Good Times, September 17, 2013
By Jessica M. Pasko
The Santa Cruz Community Counseling Center marks its 40th anniversary
Joseph Luna, 58, credits Si Se Puede, a program of the Santa Cruz Community Counseling Center, with saving his life.
This month marks the 40th anniversary of the center, which offers an umbrella of services that range from housing assistance to behavioral health counseling, parental education and nutrition classes, among others.
Back in 1991, Luna entered the organization’s residential recovery program after receiving a felony drunken-driving conviction. At the time, he says, he just wanted to avoid prison time. But his experience at Si Se Puede proved more transformative than he could have imagined.
“I ended up working on myself and my issues,” he says. “I realized I was going to end up killing myself.”
He’s been sober ever since, is happily married and owns a home. He began working as a counselor at Si Se Puede in 1993, a job he says helps him just as much as it helps the people he works with.
“It’s a beautiful experience,” he says. “I really enjoy what I do.”
Luna is one of about 375 people employed by the counseling center, which serves approximately 7,500 people annually.
“One thing that we always say is that we’re kind of the best-kept secret in Santa Cruz County,” says Executive Director Carolyn Coleman. “We’re hoping to make people more aware of the wide spectrum of services offered,”
Coleman first started working at the organization in 1981 as a program assistant in the youth services program, and has worn a variety of hats since then, becoming executive director in 2007. First founded in 1973 with a focus on substance abuse, the center has grown and expanded in the past four decades against a backdrop of economic recessions, the AIDS crisis, the War on Drugs and much more.
“One reason we’ve been successful is that we have been able to be flexible when it comes to changing community needs,” Coleman says,
The recent economic downturn, which coincided with Coleman becoming executive director, has had a huge effect on the counseling center and on the needs of the community.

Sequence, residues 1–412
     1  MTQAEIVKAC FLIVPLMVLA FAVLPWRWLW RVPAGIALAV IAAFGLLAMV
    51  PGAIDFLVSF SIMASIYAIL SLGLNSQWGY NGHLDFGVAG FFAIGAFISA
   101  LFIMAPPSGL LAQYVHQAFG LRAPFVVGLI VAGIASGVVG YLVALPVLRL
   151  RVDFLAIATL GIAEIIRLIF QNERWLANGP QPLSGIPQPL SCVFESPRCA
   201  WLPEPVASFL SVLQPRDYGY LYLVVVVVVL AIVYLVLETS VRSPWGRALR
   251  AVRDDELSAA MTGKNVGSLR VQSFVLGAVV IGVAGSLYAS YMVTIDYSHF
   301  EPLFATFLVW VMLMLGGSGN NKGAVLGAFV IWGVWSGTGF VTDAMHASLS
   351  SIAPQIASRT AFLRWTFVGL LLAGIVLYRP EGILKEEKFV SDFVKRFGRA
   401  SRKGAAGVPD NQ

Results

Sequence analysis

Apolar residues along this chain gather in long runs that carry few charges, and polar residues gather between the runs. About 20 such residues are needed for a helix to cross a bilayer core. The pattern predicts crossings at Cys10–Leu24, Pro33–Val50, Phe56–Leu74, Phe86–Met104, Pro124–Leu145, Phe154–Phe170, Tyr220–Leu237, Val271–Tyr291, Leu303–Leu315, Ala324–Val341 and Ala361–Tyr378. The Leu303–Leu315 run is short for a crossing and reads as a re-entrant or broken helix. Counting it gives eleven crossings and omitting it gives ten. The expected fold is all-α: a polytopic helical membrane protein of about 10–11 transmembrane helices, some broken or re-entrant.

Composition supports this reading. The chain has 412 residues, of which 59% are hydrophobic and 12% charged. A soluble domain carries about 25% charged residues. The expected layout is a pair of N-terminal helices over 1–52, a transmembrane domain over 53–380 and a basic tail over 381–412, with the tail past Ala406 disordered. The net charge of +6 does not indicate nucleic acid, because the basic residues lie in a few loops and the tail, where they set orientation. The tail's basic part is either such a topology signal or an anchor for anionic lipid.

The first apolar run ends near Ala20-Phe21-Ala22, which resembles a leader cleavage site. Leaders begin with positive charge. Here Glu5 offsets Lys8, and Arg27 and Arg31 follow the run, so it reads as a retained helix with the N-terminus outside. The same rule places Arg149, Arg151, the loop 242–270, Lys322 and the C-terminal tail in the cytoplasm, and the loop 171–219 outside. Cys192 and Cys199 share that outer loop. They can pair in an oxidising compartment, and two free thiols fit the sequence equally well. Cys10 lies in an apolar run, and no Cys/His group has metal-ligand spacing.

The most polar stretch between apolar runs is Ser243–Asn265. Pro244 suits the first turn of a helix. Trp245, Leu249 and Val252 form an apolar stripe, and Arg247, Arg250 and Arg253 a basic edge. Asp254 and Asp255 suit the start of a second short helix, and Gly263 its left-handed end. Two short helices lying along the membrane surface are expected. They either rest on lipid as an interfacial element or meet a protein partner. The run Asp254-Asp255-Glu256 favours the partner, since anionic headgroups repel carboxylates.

“It’s been hard the last five years,” says Coleman. “It’s definitely made people more vulnerable.”
As more people find themselves out of jobs, the organization also suffered a 5.2 percent cut in federal funding, and officials have had to make some hard choices.
“There’s been a converging of increased need and fewer resources available,” Coleman says. “In some places, we’ve seen longer waiting lists.”
To combat these dueling elements, organization employees have strived to make cutbacks where they can without leaving clients in the lurch. That has meant such moves as letting go of some of their transportation services and having staff take furloughs—anything, basically, that can be done to maintain services without affecting families and children, they say.
At the same time, there’s been an increased need for the organization’s behavioral health services—a term that encompasses both mental health and substance abuse services; the two often go hand-in-hand, Coleman says.
“I think people really understand the need for drug treatment,” she says.
Those services have also become more
in demand as the state’s prison realignment
program is implemented, shifting more people out of the County Jail and into custody
alternatives that often include drug and alcohol treatment programs.
At the center’s core is an emphasis on what officials there call participatory decision-making.
“We are not the solution, we are just a catalyst,” explains Deutron Kebebew, project director of PAPAS, a program that focuses on fathers.
PAPAS runs classes supporting fatherhood involvement, as well as courses in conflict management, and works to raise awareness of the impacts of positive fatherhood as opposed to absentee fatherhood. It works with fathers being released from jails and prisons on re-entering into and re-integrating with society and their families as well.
The absence of fathers is a huge social problem, says Kebebew, and programs like PAPAS benefit society overall as a result.
According to U.S. Census Bureau statistics, about a third of the nation’s children live in fatherless homes and 71 percent of high school dropouts come from fatherless homes. Teen pregnancies are far more common in young women who grow up without fathers, and some 70 percent of youth in state-operated institutions come from fatherless homes.
The economic crisis has increased the need for PAPAS services, Kebebew says.
“We’re seeing more dads coming in—when they aren’t employed, their self-esteem goes down, they get depressed, they feel helpless,” he explains. “We’re seeing the distress it has on families.”
He’s also seen the overall need for mental health services increase in recent years. Still, he is positive about the future and says the fact that he sees more fathers seeking services is ultimately a good thing.
“We have a new generation that is really engaged in their role as fathers,” he says.